South Korea looks to commercialize the aerial mobility market domestically by 2025, aiming to address the severe traffic congestion issues in urban areas such as Seoul. Working in conjunction with Hyundai Motor Group, the South Korean government intends to begin aerial mobility services in 2025 with two sets of terminals, where personal air vehicles (PAVs) would travel in predetermined routes along major cities. By 2030, the government hopes to expand from 2 to 10 terminals, according to the Ministry of Land, Infrastructure and Transport.

“The ministry will join hands with Hyundai Motor Group and other local companies to push forward the UAM commercialization project,” a ministry official said. It is not yet known which companies the government will be working with aside from Hyundai. 

The government expects the aerial mobility market to reach 13 trillion won (approx 11 billion USD) by 2040, as aerial mobility services will work with existing transportation infrastructure in order to greatly ease traffic congestion in major urban areas. For this purpose, the PAVs that will be put in use will feature a range of 30 to 50 km, or 19 to 31 miles. The ministry additionally noted that promotion of such a service would require a “comprehensive industrial ecosystem”, where companies work to cover all phases of an aerial mobility service: production of PAVs, maintenance, repair and overhaul services, and flight control systems and insurance services.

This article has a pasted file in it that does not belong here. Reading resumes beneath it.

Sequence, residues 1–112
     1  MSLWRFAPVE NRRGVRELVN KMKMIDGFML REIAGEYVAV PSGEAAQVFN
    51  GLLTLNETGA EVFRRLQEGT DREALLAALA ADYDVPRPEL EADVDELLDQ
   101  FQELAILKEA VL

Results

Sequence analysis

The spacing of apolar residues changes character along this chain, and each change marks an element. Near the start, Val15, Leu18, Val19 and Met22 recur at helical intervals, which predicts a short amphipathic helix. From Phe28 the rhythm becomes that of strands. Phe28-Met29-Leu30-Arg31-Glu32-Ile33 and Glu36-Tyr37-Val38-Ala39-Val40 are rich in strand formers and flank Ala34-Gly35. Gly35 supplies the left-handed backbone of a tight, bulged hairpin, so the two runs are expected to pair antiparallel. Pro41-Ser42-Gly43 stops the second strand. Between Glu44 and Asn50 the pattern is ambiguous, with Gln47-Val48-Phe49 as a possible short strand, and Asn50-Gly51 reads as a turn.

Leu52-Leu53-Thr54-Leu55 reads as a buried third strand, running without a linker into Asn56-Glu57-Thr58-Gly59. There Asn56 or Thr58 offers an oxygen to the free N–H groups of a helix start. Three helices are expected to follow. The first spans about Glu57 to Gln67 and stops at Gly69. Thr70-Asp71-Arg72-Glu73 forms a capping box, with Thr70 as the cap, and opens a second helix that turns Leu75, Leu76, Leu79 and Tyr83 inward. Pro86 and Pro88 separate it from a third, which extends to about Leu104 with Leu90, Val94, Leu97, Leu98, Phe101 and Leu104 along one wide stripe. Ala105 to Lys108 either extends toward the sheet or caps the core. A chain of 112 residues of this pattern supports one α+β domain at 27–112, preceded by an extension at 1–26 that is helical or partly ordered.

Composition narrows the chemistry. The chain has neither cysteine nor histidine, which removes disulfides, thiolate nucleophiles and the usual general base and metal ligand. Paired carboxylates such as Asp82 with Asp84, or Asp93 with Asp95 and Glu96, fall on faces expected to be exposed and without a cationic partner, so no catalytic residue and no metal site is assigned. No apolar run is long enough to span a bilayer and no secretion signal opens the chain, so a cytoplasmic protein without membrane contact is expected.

Traffic congestion in Seoul, South Korea

Recently, Hyundai Motor Services revealed their S-A1 personal air vehicle (PAV) concept at the Consumer Electronics Show in Las Vegas. Featuring an all-electric vertical takeoff and landing design, the S-A1 will hold 5 people including the pilot, and Hyundai will continue to keep an avenue open for potential autonomization in the future.

To learn more about Hyundai’s developments, click here

Hyundai’s S-A1 PAV concept design.

Why it’s important: As both one of the largest industrial sectors and smallest countries with regards to landmass, the prospect of aerial mobility is a highly lucrative one to the government of South Korea, whose cities such as Seoul holds some of the highest levels of traffic congestion among major cities. The progressive steps taken by the government to work with domestic companies to accelerate development of aerial mobility look to result in a first-rate aerial mobility service, complete with local infrastructure and vehicles.

Source // The Korea Herald

Posted by Ian Shin

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